WSU, UW research clashes

University rivalries are generally manifested in athletics, but can also come up in academic research.

A team at the University of Washington studied the effects of controlling wolf populations on livestock populations, with results directly conflicting a WSU study conducted in 2014.

According to the original study published by the science journal PLOS ONE, WSU researcher Robert Wielgus and data analyst Kaylie Peebles found that lethal wolf control had a negative effect on livestock populations.

“I used the numbers of wolves, the numbers of breeding pairs, and numbers of livestock at risk at any given time and then put those into a model,” Wielgus said. “They were all significant and I found that the more wolves you kill the more livestock depredation you get, unless you kill 25 percent of the wolves, then that causes a wolf population decline.”

He explained the dominant male and female in the pack were the focal point of the hierarchy structure. When they were healthy and strong, they suppressed the other wolves’ mating and reproduction.

Wielgus said when the alphas were killed, it destabilized the pack structure because there was no longer a strong core. The remaining wolves would then mate, leading to increases in the wolf population and therefore more predation on livestock.

“It all makes sense from a biological standpoint,” Wielgus said.

The UW research results, however, show killing wolves actually helps to protect livestock.

UW Research Associate Nabin Baral said they replicated the same WSU study but used more statistical analysis.

“We used the exact same variable the previous author used, and the exact same data, but in the previous model there was a time variable that was missing, and we thought that we should address the issue of time,” Baral said.

By using time as the main control variable, UW’s results showed killing the wolves, while harmful in the short term, helps livestock populations over time.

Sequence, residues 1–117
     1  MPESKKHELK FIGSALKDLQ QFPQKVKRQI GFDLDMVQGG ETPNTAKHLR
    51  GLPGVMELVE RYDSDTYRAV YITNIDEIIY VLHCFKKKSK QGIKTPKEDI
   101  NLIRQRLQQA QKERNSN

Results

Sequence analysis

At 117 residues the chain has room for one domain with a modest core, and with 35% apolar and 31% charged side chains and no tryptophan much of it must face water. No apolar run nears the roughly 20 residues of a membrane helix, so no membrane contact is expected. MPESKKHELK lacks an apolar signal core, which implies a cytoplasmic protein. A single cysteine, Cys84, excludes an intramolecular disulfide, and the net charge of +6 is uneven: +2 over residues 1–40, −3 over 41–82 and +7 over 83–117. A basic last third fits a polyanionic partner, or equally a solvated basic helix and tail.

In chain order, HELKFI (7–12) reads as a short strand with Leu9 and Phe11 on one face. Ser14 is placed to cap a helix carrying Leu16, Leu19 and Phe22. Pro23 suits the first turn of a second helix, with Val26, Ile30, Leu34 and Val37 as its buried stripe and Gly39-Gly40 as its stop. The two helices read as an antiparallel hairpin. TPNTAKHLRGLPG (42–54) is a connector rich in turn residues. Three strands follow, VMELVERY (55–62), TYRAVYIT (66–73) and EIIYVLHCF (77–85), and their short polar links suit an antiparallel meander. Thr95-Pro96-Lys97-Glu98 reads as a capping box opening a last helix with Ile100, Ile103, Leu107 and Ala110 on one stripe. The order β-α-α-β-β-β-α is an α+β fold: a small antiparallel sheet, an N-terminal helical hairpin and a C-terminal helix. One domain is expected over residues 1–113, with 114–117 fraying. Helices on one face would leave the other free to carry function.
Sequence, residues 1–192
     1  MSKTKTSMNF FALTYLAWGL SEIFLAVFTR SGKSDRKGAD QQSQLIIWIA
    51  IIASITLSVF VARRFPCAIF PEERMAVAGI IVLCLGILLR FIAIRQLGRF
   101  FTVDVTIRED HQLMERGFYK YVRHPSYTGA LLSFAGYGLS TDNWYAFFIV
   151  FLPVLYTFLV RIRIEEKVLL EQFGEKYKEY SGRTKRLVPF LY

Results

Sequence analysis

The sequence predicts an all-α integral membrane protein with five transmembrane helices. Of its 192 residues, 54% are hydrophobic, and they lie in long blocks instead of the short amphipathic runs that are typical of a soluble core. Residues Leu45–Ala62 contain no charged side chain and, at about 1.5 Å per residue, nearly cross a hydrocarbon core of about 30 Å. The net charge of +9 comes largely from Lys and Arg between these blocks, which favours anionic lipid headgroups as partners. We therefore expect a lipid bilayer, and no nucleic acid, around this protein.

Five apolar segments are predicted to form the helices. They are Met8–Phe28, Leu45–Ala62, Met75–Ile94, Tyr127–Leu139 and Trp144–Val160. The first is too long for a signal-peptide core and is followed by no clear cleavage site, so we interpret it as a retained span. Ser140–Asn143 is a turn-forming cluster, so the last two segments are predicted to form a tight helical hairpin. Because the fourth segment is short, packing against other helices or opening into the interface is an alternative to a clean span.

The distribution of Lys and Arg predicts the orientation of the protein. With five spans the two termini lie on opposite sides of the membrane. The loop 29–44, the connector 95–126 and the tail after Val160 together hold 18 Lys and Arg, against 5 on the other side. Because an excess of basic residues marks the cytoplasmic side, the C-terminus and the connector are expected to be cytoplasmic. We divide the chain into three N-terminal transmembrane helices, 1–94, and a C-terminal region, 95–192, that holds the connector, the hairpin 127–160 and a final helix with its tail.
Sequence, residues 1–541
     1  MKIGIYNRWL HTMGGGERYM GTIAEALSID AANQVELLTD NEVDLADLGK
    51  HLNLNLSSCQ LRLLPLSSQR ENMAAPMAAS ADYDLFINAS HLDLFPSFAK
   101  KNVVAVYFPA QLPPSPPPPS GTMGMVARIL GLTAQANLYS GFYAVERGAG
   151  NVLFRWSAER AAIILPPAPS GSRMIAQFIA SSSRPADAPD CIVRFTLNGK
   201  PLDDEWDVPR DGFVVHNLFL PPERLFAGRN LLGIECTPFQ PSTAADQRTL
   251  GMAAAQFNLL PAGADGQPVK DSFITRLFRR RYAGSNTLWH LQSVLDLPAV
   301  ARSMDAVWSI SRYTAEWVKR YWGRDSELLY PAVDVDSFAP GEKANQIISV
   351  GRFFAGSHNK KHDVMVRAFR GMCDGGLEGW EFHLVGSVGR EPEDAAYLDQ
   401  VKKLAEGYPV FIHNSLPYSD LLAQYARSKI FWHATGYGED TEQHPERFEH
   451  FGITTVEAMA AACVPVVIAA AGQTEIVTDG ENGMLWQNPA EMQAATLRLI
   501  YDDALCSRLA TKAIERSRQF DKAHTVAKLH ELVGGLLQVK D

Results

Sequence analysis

According to the published report, one less wolf per year would decrease the expected number of cattle and sheep killed by 1.9 percent and 3.4 percent in the next year, respectively.

However, results show only a 2.2 percent increase in sheep killed in the same year.

UW findings show the increase in livestock kills would be temporary. The overall decrease in the wolf population would lessen livestock kills.

“The result is more about how to use time series analysis,” Baral said. “Based on this information they could then make decisions on how to manage wolves in a better way.”

However, Wielgus is confident in his methodology.

“As time went on and the years progressed, all these wolves in all these states increased,” Wielgus said. “The number of livestock at risk increased, the number of depredations increased, the numbers of wolves killed increased. They put in year, which is auto-correlated with all those other variables so their analysis found that year had the biggest effect on livestock depredations.”

He said that by doing this and using time as the control variable they were ignoring a larger issue.

“Year doesn’t really mean anything,” Wielgus said. “And they found that oh, in addition, the more wolves you kill the fewer livestock depredations you get. Their same analysis showed that the number of wolves has no effect whatsoever on number of livestock depredations, so their analysis was biologically impossible.”

So because they used year as a control variable, it was auto-correlated with everything, which means that none of the other parameters such as number of wolves and breeding pairs that Wielgus mentioned can be interpreted.

“None of the UW researchers in this study were biologists, so they have never analyzed this kind of data,” Wielgus said. “Well they re-analyzed my data set and instead of controlling for the number of wolves they put in year as the control variable.”

Wielgus said the UW researcher knew this was a problem, and he along with other reviewers pointed it out and the UW researchers chose to ignore it.

“These folks are incompetent amateurs that don’t know what they’re doing,” Wielgus said.